Research: Talent Attraction Case Study (Nebraska)
Last summer, the Aksarben Foundation approached Chapman and Company about creating a landscape analysis on talent for Nebraska. While this analysis is about Nebraska, there are many lessons for communities throughout the Silicon Prairie region. Here are some broad stroke lessons from the report: The United States is WAY behind on technology talent. This is…
Last summer, the Aksarben Foundation approached Chapman and Company about creating a landscape analysis on talent for Nebraska. While this analysis is about Nebraska, there are many lessons for communities throughout the Silicon Prairie region.
Here are some broad stroke lessons from the report:
- The United States is WAY behind on technology talent. This is not a single community problem. According to the Bureau of Labor Statistics, the United States will have 3 million technology jobs in 2020. Currently, there are only 1.6 million people with the skills and experience to fill those jobs. Thus, the country as a whole is 40% short of needed technology workers.
- Every community feels this pain. And the pain is more acute in certain communities – particularly small Midwestern cities – where talented IT and Math workers can add significantly more income by moving to certain locations (often larger cities).
- Omaha and Lincoln are a microcosm of the broader subset of twenty-five cities that the report compares regarding plan and strategy. Essentially, every community has the same game plan: (a) recruit from cities that are larger, (b) plan on K-16 improvements, (c) small, disconnected efforts to build code schools or re-train. More of the same is not going to work.
- Communities have to radically change their approach. In the report, Chapman and Company recommends identifying true unique community qualities. For example, quality of life is a universal point for every city. Low, private school tuition is part of quality of life – but unique to certain places. Lincoln Pius X is $1500 per year while providing a top tier education. This is unique. Microtargeting around these true competitive advantages is necessary to build an actual, unique, workable talent recruitment strategy.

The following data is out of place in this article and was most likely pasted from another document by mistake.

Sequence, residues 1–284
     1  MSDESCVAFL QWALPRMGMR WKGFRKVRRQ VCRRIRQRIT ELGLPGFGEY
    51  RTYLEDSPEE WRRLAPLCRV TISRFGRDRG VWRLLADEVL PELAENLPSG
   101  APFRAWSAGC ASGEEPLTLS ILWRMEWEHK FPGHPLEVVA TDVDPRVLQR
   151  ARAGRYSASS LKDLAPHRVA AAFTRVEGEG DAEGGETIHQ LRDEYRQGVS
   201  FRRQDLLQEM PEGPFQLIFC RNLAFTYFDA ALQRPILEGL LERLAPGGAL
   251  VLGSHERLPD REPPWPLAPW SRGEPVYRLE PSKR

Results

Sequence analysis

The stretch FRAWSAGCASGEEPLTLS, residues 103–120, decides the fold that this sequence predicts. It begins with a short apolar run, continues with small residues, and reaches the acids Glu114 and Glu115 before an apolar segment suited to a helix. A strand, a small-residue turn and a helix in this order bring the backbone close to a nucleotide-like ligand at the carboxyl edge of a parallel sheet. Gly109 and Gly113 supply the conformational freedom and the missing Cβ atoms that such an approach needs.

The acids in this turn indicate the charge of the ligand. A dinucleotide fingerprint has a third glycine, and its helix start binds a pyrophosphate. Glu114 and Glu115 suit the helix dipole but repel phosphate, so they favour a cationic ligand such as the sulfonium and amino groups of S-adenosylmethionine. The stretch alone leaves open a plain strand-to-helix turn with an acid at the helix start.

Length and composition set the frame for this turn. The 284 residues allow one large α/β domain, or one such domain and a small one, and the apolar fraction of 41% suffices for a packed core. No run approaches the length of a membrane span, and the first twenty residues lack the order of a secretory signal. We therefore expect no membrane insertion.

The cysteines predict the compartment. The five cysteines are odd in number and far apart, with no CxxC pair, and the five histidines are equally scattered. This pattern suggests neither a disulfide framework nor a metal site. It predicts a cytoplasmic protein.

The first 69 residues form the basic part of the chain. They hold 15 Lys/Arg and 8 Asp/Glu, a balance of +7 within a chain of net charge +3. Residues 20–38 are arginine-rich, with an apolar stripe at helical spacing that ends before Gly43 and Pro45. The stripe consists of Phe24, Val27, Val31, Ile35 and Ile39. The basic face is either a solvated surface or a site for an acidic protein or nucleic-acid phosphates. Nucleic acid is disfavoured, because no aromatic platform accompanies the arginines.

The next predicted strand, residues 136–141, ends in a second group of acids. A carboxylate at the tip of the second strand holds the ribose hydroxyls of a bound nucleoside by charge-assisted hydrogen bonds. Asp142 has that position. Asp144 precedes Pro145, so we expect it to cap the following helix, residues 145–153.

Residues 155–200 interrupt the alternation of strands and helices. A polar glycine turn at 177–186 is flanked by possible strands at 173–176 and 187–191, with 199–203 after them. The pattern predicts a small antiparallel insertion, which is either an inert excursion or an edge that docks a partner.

- Retraining and Upskilling is incredibly important – but so is including people who have been disadvantaged from those career paths. This may require new types of programming around job training (i.e. childcare in the evening, income while training to replace second job income, etc.).
- International programs are really important. The Chapman and Company research suggests that most communities are woefully bad at recruiting international experts, retaining international students, and building an international pipeline. One example of a community that has a plan is Des Moines – (https://www.dsmpartnership.com/growing-business-here/business-resources/talent-development-resources/global-talent).
In short, the approach represented in the paper is to radically change around being more intentional and less conventional. This basic structure is useful for every community – not just those in Nebraska. SPN believes that it is a useful read for people outside of Nebraska.
The owner of Silicon Prairie News, the Applied Information Management Institute (AIM), is directly involved in the creation of new technology talent in Nebraska. At the behest of AIM and the approval of the Aksarben Foundation, Silicon Prairie News is providing a complete copy of the report to interested parties. This was not created on behalf of SPN or AIM – but it affects the broader region.
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